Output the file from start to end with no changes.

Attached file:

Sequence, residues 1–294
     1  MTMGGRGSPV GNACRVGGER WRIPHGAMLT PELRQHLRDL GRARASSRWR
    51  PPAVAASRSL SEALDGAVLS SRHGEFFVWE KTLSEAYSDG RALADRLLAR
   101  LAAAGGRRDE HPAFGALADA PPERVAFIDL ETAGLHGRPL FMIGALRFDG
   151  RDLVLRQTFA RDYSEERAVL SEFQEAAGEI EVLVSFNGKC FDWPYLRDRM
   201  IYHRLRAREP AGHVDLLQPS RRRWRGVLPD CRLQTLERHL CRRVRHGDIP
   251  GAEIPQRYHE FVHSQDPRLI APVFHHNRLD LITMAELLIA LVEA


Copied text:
Sequence, residues 1–294
     1  MTMGGRGSPV GNACRVGGER WRIPHGAMLT PELRQHLRDL GRARASSRWR
    51  PPAVAASRSL SEALDGAVLS SRHGEFFVWE KTLSEAYSDG RALADRLLAR
   101  LAAAGGRRDE HPAFGALADA PPERVAFIDL ETAGLHGRPL FMIGALRFDG
   151  RDLVLRQTFA RDYSEERAVL SEFQEAAGEI EVLVSFNGKC FDWPYLRDRM
   201  IYHRLRAREP AGHVDLLQPS RRRWRGVLPD CRLQTLERHL CRRVRHGDIP
   251  GAEIPQRYHE FVHSQDPRLI APVFHHNRLD LITMAELLIA LVEA